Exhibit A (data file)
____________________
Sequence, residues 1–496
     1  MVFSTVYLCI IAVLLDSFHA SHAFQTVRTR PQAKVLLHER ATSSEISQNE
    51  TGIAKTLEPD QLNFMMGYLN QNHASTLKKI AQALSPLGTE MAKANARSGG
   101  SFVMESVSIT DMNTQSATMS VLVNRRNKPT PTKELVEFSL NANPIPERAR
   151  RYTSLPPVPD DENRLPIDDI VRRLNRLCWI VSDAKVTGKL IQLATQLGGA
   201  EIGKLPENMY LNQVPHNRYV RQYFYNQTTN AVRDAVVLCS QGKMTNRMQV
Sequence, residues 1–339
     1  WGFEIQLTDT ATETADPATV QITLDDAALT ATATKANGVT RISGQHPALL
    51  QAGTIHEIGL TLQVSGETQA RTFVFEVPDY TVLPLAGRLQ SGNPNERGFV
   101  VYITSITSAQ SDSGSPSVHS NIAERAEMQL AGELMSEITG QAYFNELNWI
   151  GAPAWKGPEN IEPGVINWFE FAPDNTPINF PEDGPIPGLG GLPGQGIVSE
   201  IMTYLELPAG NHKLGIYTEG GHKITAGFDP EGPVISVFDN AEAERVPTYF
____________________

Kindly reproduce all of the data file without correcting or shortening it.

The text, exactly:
Sequence, residues 1–496
     1  MVFSTVYLCI IAVLLDSFHA SHAFQTVRTR PQAKVLLHER ATSSEISQNE
    51  TGIAKTLEPD QLNFMMGYLN QNHASTLKKI AQALSPLGTE MAKANARSGG
   101  SFVMESVSIT DMNTQSATMS VLVNRRNKPT PTKELVEFSL NANPIPERAR
   151  RYTSLPPVPD DENRLPIDDI VRRLNRLCWI VSDAKVTGKL IQLATQLGGA
   201  EIGKLPENMY LNQVPHNRYV RQYFYNQTTN AVRDAVVLCS QGKMTNRMQV
Sequence, residues 1–339
     1  WGFEIQLTDT ATETADPATV QITLDDAALT ATATKANGVT RISGQHPALL
    51  QAGTIHEIGL TLQVSGETQA RTFVFEVPDY TVLPLAGRLQ SGNPNERGFV
   101  VYITSITSAQ SDSGSPSVHS NIAERAEMQL AGELMSEITG QAYFNELNWI
   151  GAPAWKGPEN IEPGVINWFE FAPDNTPINF PEDGPIPGLG GLPGQGIVSE
   201  IMTYLELPAG NHKLGIYTEG GHKITAGFDP EGPVISVFDN AEAERVPTYF